Grazing trials were conducted on contaminated pastures by scientists at the Agricultural Research Service in Beltsville, Maryland. St. Croix lambs developed an almost complete resistance to the parasite after four to six weeks of exposure. Dorset lambs, a common wool breed, were grazed under the same conditions and required treatment for parasite infection. The St. Croix had over 99% fewer worms in the abomasum (fourth stomach) than the Dorset, and passed only 0.5% as many parasite eggs in the feces.
The resistance is accompanied by a high number of certain immune cells called globule leucocytes, in the abomasum of the St. Croix. Although the exact method is not known, these cells might function to prevent the parasite from attacking the stomach lining, or expel the parasites from the abomasum.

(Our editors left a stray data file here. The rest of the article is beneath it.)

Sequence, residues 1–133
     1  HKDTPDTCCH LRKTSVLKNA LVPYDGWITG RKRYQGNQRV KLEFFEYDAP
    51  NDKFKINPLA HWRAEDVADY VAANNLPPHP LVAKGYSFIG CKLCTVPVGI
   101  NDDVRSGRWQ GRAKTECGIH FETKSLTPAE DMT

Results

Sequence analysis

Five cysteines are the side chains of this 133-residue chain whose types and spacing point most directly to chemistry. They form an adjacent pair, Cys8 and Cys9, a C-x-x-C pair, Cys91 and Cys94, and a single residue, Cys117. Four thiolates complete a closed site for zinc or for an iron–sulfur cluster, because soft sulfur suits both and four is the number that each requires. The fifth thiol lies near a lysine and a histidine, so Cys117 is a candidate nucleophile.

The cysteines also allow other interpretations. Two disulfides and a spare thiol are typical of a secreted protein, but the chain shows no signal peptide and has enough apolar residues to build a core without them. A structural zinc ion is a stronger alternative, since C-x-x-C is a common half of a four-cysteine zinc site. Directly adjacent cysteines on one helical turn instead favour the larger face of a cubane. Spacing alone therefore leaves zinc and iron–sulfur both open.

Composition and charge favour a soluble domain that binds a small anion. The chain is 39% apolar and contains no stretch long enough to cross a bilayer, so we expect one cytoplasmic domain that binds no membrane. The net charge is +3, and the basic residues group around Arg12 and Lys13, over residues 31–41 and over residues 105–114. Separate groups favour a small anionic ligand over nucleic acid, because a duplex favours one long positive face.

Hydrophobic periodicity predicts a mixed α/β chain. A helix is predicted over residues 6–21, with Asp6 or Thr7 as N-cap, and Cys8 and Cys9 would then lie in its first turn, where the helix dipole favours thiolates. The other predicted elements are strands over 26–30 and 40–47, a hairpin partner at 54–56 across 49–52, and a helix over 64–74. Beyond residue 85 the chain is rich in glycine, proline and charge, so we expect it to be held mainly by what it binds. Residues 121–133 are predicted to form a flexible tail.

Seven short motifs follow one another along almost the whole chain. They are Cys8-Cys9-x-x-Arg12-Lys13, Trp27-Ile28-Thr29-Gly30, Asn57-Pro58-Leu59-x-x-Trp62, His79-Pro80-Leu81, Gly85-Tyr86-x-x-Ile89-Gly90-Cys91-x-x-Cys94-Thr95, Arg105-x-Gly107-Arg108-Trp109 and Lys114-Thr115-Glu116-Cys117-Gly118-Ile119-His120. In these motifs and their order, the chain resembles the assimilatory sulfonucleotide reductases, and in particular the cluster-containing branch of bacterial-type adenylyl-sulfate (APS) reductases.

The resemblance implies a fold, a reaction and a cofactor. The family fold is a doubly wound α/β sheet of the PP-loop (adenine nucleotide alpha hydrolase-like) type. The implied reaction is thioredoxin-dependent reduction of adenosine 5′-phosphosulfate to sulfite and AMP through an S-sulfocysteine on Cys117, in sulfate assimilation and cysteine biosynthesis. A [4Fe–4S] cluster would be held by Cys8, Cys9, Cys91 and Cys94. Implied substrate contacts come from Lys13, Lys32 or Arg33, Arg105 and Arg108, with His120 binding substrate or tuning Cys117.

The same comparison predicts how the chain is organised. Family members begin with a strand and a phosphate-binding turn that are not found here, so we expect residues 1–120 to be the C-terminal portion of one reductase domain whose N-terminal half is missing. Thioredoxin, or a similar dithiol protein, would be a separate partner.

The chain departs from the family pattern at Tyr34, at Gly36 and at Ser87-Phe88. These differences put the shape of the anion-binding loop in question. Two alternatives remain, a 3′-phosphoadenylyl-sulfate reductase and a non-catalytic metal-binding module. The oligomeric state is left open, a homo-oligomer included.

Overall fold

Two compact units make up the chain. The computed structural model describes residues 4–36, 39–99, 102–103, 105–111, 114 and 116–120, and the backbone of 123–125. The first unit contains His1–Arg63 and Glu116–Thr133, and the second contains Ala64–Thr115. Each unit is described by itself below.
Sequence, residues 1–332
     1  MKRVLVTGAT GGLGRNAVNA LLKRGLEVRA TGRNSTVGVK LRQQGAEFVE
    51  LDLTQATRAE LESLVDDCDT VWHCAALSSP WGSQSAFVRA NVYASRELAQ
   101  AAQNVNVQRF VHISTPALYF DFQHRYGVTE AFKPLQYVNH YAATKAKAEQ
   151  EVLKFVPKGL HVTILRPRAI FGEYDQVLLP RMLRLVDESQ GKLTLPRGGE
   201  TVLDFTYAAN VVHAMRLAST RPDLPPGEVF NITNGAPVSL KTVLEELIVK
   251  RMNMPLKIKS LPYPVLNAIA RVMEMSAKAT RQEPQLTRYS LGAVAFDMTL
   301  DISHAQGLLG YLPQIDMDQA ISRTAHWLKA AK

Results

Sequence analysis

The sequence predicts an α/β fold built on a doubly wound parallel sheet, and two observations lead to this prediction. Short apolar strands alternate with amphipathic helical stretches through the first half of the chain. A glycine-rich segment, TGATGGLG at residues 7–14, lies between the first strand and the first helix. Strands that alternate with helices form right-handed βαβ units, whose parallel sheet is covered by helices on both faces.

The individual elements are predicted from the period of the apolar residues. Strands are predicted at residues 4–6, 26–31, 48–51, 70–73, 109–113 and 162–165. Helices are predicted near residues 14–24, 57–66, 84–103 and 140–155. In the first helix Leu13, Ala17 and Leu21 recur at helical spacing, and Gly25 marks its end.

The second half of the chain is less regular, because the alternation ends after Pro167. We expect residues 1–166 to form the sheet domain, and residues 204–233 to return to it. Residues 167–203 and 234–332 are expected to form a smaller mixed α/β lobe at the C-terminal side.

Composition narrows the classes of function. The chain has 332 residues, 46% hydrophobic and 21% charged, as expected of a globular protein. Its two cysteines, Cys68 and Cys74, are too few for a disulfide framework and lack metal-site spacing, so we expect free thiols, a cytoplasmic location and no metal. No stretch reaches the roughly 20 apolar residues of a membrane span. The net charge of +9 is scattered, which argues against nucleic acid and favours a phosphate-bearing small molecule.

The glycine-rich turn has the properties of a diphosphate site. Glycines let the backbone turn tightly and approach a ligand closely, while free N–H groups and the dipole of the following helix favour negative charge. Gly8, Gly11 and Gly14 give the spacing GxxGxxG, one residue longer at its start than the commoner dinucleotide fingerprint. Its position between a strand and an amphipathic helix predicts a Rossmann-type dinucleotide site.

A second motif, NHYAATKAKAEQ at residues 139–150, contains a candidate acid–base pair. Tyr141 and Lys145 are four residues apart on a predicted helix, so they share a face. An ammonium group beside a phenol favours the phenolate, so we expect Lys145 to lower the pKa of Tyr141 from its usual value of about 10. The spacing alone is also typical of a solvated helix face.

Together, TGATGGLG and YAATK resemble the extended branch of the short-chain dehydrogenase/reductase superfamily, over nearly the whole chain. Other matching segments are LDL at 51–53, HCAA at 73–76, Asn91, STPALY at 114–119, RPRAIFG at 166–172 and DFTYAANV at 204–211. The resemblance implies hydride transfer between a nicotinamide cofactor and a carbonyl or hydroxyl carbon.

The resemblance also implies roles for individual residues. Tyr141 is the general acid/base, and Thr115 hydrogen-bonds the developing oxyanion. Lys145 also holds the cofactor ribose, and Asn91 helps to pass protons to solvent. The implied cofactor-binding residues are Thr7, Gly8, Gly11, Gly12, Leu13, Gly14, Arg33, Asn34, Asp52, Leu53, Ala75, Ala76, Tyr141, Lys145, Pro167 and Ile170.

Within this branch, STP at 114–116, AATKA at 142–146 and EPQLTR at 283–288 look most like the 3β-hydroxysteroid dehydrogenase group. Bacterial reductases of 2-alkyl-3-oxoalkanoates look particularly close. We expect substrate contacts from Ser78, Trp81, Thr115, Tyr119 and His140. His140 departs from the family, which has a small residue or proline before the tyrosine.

When the St. Croix are crossbred with sheep of a lesser tolerance to parasites, offspring lose most of the genetic resistance. Understanding the immune process could lead to the transfer of resistance through breeding or vaccination. This can potentially benefit the bovine industry, where losses due to stomach parasites total $300 million annually. Additional research is needed.
Gamble, H.R. 1991. Resistance to Internal Parasites in Tropical Breeds of Sheep.
H. Ray Gamble
Laboratory USDA-ARS, BARC East
Beltsville, MD 20705 USA